US court quashes priest's conviction for abuse cover-up
Roman Catholic Church official William Lynn has had his conviction for child endangerment reversed by a court in the US city of Philadelphia.
Monsignor Lynn was the first US Church official to be convicted in a criminal court for covering up sex abuse claims.
He was sentenced in 2012 to three to six years in prison but could now be released as early as Thursday.
The court said it had not been proven Mr Lynn had acted with the "intent of promoting or facilitating the crime".'Unfair imprisonment'
Philadelphia's District Attorney Seth Williams said he was likely to appeal against the decision.
Prosecutors argued that Monsignor Lynn had endangered the welfare of a child by reassigning a priest with a history of sexual abuse to a parish in Philadelphia which was unaware of his past.
As secretary for clergy for the Archdiocese of Philadelphia from 1992 to 2004, Monsignor Lynn was in charge of supervising about 800 priests, including investigating sex abuse claims.
Monsignor Lynn admitted during his trial that he was aware of a complaint dating back to the 1990s that the priest, Edward Avery, had sexually abused an altar boy.
Mr Lynn helped Avery get treatment. But years later, he reassigned the priest to the Philadelphia parish where Avery again sexually assaulted an altar boy.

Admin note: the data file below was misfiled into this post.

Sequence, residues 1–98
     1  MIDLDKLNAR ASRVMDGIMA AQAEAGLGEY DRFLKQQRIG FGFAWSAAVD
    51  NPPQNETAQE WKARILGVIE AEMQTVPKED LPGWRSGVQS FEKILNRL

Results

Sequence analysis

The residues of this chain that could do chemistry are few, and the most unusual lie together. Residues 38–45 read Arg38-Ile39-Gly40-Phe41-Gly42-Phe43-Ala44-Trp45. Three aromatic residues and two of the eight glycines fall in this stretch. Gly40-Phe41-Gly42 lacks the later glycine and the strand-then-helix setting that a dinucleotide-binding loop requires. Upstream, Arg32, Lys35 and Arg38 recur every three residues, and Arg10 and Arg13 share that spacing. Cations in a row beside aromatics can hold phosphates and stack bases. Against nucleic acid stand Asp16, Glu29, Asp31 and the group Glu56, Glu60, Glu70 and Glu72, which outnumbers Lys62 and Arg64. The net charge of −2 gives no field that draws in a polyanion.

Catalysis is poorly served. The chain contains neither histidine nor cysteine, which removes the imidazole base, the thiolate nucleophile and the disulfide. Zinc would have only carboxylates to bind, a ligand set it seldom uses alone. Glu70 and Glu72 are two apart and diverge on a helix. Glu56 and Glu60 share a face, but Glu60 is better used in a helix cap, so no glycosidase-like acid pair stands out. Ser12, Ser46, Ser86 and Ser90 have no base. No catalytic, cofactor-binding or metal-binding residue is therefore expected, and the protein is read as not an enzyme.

Avery later pleaded guilty to assaulting the 10-year-old and is currently in jail.
On Thursday, the appeals court rejected the prosecutors' argument that Monsignor Lynn had supervised the welfare of any particular child.
Mr Lynn's lawyer successfully argued that under the laws in effect when the monsignor held his post, he could not have been held responsible for the welfare of Avery's victim as that role only fell to parents and caregivers, not to supervisors like Mr Lynn.
The law was amended in 2007 to include the people supervising the child.
Mr Lynn's lawyer said the appeal court's ruling demonstrated he should never have been prosecuted.
"He's been in prison 18 months for a crime he didn't commit and couldn't commit under the law,'' the lawyer said.
Philadelphia is the sixth largest US archdiocese, with 1.5 million members.
Child sex abuse cases across Roman Catholic churches in the US have cost billions in settlements, driving some US dioceses into bankruptcy.